Setting goals is a big part of the creative coaching that I offer clients, and I know that it is a big part of the coaching offered by others too.
Whether we offer life, business, wellbeing, health or relationship coaching-goals are a pretty big deal and a core part of encouraging clients towards improvement.
I set them for myself and encourage my clients to set them too. After all-that’s what this is all about isn’t it? Setting goals, making a plan and achieving great things
One of my major goals for this year (when I reach 50!) is to get that damn book written! In fact-I have two book ideas on the go, both of which WILL happen this year. The reason they will happen this year is actually quite simple.
Firstly-one of the books HAS to be written because it is a handbook for a course that I am already delivering and the second reason is because I have actually already written them both….confused?!
Well the reality is that I have been so fixated (and exhausted) on writing the book, making plans, lists, mind maps and inspiration boards and creatively visualising my book signing…all leading to my ultimate goal that I have totally overlooked the very basic fact that I have already written hundreds of thousands of words over the last couple of years that would probably fill several books-let alone a meagre 2!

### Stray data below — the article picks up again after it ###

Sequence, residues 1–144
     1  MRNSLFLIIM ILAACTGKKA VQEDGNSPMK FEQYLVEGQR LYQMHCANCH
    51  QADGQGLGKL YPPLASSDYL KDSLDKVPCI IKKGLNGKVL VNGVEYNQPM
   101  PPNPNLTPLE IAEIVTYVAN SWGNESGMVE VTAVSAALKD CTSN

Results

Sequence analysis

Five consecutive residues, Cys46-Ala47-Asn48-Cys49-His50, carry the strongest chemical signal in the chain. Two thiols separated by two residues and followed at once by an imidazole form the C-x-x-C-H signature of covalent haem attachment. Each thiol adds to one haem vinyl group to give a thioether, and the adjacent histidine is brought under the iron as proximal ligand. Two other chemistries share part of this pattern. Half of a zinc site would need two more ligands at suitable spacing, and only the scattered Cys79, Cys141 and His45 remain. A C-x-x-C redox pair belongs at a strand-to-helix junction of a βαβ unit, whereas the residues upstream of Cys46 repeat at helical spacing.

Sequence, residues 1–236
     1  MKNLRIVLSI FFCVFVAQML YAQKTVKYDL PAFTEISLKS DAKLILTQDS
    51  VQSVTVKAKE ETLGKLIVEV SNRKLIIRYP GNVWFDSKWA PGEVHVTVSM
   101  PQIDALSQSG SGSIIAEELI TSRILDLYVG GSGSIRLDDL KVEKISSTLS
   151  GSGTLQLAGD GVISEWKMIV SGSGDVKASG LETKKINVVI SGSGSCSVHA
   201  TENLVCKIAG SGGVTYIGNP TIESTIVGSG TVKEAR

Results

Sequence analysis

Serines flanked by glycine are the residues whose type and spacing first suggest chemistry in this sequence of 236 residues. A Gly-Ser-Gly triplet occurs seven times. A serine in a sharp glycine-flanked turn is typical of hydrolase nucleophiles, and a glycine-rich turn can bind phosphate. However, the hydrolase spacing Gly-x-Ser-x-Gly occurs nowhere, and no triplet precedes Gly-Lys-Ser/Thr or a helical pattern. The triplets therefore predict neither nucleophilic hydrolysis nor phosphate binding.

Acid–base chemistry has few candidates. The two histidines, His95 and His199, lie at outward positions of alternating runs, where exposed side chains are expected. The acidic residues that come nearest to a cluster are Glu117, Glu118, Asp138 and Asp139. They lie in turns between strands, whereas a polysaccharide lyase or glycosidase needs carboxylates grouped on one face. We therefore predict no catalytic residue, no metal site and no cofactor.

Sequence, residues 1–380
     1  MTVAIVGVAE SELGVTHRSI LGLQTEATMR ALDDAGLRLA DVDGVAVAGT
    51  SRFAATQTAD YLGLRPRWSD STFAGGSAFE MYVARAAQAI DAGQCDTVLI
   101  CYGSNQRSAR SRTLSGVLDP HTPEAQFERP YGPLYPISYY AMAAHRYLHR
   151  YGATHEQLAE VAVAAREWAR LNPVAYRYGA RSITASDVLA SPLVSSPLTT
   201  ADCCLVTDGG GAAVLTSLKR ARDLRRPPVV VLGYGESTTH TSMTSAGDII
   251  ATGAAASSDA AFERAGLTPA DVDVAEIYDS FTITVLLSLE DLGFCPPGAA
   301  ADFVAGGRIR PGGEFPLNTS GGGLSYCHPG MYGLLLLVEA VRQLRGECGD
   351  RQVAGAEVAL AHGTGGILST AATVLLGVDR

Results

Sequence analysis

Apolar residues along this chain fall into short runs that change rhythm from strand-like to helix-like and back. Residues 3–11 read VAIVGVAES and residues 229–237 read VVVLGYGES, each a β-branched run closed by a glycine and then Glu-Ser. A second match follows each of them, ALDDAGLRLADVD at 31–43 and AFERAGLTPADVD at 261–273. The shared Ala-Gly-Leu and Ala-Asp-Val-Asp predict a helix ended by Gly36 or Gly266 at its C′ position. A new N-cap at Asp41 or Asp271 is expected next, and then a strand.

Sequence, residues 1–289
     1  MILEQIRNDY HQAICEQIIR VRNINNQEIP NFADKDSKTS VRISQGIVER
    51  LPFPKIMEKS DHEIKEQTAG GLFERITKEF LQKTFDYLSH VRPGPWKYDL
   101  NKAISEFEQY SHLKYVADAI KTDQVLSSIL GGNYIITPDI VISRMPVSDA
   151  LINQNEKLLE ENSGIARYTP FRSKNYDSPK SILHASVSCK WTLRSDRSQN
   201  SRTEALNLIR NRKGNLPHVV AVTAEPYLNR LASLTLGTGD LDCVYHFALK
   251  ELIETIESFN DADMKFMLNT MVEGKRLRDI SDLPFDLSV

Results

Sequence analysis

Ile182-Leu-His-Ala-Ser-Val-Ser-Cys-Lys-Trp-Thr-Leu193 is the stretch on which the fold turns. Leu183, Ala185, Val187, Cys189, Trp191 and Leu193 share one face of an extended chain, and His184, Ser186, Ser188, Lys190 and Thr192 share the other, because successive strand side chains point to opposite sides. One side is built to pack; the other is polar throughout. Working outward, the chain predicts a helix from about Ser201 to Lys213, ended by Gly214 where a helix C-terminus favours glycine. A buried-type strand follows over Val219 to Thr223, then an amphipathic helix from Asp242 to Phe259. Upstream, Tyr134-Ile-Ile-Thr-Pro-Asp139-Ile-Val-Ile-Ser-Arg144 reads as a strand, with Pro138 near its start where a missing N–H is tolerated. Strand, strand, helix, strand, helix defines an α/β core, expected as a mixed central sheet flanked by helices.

Let me explain….! (for my own sanity if nothing else!)
I am first and foremost a writer and a journalist. I have come to coaching in the last few years as part of my role as a university lecturer and as someone who works in challenging and hard to reach communities with vulnerable people.
I started using personal development tools to help my students, became very interested in the whole thing and then studied for a level 7 diploma as an accredited life coach with Curly Martin’s Achievement Specialists. I haven’t looked back and I am very fortunate to have a big client list and lots of workshops booked in for this year.
I have worked in the media industry for 30 years and during that time I have written a lot of stuff. My own coaching programme Write Your Life revolves around writing!
I have now realised (why it has taken so long is anyone’s guess!) that while I have been panicking and putting myself under pressure to write the book-I have actually been writing it anyway. The words are already there-they just need a bit of organising and sorting out. I have more than enough material to well and truly finish two books this year.
I feel slightly cheated that I haven’t taken time to stop and realise this before now! I have been so focused on the end game, that everything that has been happening in between has been largely ignored.
When I coach clients-individually or in groups-I am always keen to remind them that the goal is important but so is the journey and that we MUST celebrate every single step-no matter how small we think that step is. All those small steps make a BIG difference and if we don’t celebrate them all and acknowledge we are making progress then we will just arrive exhausted rather than energised and lifted.